If two or more coupling relationships can be drawn between components in a system, then a feedback loop is formed (commonly shortened to just a 'feedback'). For example, photosynthetic activity has an effect on atmospheric CO2 content and vice versa (see above). Feedbacks can be either positive (see below), which amplify the initial change to the components, or negative, which diminish the initial change (example above). Positive feedbacks are destabilizing- a vicious cycle- whereas negative feedbacks are dampening. Unfortunately, most feedbacks in Earth’s climate system are positive.
A forcing in systems science is defined as a persistent disturbance applied to the system that forces it to change. A perturbation, for example, would be a large, ash-type volcanic eruption sending tons of volcanic ash into the atmosphere, cooling the climate slightly, until the ash settles to the surface and the climate goes back to ‘normal’. A forcing, however, causes much longer-term changes to the climate system because the disturbance, such as human CO2 emissions, is applied over a longer period of time. This causes positive feedbacks to begin in the climate system that amplify the initial heating.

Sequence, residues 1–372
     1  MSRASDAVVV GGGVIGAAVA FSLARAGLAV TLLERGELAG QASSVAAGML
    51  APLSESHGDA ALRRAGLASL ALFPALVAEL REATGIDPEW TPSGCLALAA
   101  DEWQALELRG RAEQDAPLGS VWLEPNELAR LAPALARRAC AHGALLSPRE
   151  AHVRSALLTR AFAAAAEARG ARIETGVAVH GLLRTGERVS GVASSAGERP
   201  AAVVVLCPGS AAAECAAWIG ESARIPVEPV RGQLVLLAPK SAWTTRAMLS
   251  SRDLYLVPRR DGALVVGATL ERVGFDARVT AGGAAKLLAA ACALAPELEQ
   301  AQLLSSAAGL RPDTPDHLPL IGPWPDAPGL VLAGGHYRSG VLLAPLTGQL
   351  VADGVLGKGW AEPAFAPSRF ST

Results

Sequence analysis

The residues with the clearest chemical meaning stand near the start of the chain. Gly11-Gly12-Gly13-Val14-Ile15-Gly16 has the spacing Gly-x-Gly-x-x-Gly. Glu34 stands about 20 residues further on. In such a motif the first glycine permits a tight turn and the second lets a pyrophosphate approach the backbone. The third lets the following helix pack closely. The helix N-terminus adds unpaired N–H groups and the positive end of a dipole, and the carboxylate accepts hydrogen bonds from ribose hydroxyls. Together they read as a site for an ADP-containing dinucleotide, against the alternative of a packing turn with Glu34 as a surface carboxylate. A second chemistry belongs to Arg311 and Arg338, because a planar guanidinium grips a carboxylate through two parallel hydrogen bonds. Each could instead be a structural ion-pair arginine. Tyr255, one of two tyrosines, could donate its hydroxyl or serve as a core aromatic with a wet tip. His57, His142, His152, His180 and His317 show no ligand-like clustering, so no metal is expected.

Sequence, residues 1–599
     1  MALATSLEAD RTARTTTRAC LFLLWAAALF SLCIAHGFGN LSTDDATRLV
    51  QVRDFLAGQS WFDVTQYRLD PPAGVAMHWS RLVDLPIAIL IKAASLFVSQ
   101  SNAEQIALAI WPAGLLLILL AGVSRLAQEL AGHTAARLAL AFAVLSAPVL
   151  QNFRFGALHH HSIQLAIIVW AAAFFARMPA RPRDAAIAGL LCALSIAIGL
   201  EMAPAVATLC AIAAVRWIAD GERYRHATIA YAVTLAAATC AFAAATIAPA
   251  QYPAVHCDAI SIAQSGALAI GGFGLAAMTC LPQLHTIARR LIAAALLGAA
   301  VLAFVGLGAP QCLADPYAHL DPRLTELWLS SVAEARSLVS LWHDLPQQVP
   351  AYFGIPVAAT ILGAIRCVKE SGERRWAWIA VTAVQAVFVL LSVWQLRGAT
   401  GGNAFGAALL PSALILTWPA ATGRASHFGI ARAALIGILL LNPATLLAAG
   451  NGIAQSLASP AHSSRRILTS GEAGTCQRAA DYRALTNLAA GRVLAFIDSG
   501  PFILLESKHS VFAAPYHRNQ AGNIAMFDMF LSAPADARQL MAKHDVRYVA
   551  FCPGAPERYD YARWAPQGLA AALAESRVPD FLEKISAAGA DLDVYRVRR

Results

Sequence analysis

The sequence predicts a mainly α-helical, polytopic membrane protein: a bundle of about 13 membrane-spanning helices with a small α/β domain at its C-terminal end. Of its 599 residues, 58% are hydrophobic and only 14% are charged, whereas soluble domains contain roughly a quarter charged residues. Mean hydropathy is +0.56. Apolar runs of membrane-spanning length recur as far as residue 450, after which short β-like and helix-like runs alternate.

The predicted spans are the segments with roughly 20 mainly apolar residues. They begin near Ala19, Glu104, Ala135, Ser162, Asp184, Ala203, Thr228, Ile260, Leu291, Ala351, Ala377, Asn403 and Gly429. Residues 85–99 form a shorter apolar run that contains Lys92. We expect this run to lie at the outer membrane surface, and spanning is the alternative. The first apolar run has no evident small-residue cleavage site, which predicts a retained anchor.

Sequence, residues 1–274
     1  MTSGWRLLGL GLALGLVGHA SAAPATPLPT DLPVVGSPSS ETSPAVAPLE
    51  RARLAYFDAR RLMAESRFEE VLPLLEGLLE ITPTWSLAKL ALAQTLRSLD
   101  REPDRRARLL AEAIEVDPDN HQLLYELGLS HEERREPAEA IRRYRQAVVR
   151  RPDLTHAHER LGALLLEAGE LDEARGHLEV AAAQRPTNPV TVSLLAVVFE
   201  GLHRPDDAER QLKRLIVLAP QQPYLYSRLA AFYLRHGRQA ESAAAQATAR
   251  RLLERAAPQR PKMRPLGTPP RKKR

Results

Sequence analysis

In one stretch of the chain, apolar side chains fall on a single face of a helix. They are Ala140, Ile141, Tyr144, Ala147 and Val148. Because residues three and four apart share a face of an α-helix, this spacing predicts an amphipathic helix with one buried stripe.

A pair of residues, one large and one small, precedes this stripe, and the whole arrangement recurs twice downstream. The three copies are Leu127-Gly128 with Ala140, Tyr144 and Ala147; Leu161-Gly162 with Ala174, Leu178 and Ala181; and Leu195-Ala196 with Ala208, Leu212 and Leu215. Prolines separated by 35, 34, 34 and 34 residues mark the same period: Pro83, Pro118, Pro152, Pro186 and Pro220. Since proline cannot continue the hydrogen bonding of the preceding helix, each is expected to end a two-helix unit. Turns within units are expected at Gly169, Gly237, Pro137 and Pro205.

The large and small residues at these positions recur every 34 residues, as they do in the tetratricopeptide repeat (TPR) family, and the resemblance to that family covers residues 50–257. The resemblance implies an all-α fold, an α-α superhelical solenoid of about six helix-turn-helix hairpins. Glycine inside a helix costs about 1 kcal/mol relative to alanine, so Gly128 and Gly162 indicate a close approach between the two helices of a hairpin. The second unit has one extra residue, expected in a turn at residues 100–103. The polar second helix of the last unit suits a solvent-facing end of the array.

There are several important positive feedbacks in the climate system, some more famous, and some more worrisome, than others. We’ll get into specific positive feedbacks in the following posts. We know from studying Earth’s past climates that amplifying feedbacks have been triggered before, that they have contributed to the rapid heating and cooling of Earth’s atmosphere, and that they can be associated with mass extinctions of varying degrees. But the details are sparse and it is very difficult to nail them down as causes of the events. It is however helpful to know their qualitative origin stories.
An example from climate past